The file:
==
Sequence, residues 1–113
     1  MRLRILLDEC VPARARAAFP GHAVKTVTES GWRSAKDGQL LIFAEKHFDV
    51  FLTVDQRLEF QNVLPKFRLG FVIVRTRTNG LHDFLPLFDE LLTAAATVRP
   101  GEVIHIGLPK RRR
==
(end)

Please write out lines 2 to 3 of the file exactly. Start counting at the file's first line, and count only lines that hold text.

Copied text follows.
     1  MRLRILLDEC VPARARAAFP GHAVKTVTES GWRSAKDGQL LIFAEKHFDV
    51  FLTVDQRLEF QNVLPKFRLG FVIVRTRTNG LHDFLPLFDE LLTAAATVRP